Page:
This parish also has a wonderful assistant pastor who offers — of course! — the TLM. (1st three Thursdays of the month at 7:30 p.m.)

  42. Therese Z says:

    Note that the Swiss Guards are girls. I don’t mind – they have to part of this somehow, in school.

  43. Pingback: Coolest Thing Ever? Catholic School Hosts Conclave! | CatholicVote.org

  44. Lauren says:

    LaxMom25 – Fr Zuberbueler left the Diocese of Arlington? How sad for us.

    He was our priest at the Cathedral of St Thomas More and we loved him and his pickup truck. I was all thrilled about the photos and now I’m sad he has left Arlington.

    But the photos are really fantastic – sure looks like fun for all. Must admit, had I been one of the girls in the event, I would have been jealous of the boys :)

  45. Lauren says:

    oh good !!!! He’s still in the Arlington Diocese. I totally misread the messages (Duh!).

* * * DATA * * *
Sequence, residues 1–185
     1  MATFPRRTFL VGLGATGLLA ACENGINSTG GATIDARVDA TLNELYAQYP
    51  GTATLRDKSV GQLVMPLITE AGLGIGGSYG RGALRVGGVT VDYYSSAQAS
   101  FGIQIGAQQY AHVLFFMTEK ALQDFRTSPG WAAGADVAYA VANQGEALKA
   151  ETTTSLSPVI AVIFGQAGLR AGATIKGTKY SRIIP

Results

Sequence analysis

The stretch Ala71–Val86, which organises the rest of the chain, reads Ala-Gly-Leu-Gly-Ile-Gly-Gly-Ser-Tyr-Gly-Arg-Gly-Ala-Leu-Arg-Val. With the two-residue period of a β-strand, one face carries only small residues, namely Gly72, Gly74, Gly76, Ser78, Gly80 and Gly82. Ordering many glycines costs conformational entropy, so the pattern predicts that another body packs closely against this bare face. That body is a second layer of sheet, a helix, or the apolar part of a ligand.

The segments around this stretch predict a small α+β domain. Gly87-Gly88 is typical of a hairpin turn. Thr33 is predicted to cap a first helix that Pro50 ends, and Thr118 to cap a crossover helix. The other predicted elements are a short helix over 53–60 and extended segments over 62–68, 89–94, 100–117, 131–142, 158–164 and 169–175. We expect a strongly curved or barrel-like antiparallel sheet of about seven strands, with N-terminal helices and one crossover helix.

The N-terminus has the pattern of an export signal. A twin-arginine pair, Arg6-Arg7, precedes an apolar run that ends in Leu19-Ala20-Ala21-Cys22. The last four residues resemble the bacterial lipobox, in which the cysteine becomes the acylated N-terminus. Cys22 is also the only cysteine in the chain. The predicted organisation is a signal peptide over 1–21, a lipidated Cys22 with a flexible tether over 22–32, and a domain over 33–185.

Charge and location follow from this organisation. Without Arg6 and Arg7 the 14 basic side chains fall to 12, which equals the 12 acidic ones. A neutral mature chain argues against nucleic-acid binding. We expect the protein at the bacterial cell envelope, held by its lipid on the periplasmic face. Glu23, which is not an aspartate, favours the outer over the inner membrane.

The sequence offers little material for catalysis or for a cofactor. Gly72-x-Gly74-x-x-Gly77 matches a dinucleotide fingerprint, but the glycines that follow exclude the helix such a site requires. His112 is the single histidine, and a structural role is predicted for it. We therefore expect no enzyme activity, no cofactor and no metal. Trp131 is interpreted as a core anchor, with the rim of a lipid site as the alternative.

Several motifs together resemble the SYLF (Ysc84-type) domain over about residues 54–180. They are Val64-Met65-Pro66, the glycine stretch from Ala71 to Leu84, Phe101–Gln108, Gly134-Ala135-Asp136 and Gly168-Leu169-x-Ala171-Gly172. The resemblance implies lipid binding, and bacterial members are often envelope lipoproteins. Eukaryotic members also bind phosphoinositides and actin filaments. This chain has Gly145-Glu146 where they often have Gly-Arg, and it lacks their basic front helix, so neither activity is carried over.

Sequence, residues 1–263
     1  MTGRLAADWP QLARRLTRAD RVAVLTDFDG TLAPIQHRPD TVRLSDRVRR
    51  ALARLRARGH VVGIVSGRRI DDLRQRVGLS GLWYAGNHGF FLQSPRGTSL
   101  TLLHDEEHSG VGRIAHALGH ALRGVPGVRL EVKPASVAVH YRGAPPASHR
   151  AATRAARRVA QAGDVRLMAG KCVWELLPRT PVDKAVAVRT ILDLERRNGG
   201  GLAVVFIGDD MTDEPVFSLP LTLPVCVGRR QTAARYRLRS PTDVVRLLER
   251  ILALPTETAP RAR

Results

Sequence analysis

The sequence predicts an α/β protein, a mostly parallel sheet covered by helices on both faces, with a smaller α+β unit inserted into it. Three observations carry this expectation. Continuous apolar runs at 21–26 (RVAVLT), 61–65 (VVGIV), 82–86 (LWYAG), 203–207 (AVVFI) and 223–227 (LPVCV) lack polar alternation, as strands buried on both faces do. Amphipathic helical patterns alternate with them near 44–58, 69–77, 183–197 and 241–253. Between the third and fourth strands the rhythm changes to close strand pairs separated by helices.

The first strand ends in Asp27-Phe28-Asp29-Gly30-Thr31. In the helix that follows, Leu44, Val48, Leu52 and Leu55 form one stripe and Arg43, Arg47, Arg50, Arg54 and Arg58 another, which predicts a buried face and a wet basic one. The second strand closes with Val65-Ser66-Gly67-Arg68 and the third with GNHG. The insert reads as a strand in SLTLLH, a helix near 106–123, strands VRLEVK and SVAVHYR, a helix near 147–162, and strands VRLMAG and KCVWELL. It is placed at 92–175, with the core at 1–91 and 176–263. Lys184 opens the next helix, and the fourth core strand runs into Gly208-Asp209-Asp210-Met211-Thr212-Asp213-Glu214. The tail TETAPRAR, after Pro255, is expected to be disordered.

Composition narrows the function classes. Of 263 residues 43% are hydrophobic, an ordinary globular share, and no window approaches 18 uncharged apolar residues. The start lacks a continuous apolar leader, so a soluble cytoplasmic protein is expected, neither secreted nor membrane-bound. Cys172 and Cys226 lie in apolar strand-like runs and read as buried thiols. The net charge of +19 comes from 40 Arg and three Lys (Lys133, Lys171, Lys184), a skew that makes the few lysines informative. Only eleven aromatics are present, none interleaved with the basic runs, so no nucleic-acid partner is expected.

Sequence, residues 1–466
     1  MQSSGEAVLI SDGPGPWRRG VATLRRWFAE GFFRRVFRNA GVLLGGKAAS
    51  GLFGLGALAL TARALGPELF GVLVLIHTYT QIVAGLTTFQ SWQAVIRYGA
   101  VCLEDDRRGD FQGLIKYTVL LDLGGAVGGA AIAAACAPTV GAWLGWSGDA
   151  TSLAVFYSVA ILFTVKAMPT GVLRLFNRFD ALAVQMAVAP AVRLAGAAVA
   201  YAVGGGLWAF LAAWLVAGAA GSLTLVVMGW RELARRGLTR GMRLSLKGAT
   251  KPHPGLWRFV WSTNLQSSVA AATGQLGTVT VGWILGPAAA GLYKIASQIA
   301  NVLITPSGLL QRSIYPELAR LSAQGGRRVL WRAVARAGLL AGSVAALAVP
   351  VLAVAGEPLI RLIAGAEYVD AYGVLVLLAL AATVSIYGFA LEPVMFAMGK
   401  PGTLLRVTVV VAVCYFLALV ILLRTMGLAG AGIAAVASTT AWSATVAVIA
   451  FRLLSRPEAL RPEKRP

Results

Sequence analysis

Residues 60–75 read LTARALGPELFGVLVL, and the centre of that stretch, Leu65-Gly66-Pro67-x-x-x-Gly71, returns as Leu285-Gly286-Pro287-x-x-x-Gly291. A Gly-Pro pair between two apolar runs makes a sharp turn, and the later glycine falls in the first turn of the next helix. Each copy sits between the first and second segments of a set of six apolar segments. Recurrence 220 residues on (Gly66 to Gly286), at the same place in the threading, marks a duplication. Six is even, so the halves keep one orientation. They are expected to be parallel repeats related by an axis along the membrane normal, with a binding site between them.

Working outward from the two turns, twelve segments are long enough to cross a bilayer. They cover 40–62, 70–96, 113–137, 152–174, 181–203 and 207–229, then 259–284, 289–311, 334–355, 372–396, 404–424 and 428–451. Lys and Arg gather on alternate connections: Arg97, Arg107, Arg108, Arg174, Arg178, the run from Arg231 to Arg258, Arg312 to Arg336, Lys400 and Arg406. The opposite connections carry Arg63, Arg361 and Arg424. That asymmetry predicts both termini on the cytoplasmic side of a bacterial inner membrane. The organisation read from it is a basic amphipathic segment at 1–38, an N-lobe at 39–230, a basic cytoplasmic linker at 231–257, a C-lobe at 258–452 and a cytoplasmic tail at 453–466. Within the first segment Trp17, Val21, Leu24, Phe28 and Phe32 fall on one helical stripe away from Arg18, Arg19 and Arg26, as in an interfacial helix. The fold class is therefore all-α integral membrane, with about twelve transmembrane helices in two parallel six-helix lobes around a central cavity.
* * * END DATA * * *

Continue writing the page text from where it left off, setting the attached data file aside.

OK, I’m happy again. He’s one priest we MUST keep around here. Thinking about him makes me smile and laugh.

  46. DeoAcVeritati says:

    Well, those kids had much better costumes, but our students here at Colgate just held a Model Papal Conclave as well! It was pretty great. I’ll post a link when the articles come out. The winner was Cardinal Tagle, who chose the name Gregory XVII.

  47. Pingback: dotCommonweal » Blog Archive » Interregnum report, March 5

  48. This is amazing, and a great way to promote vocations! I pray for the dear children.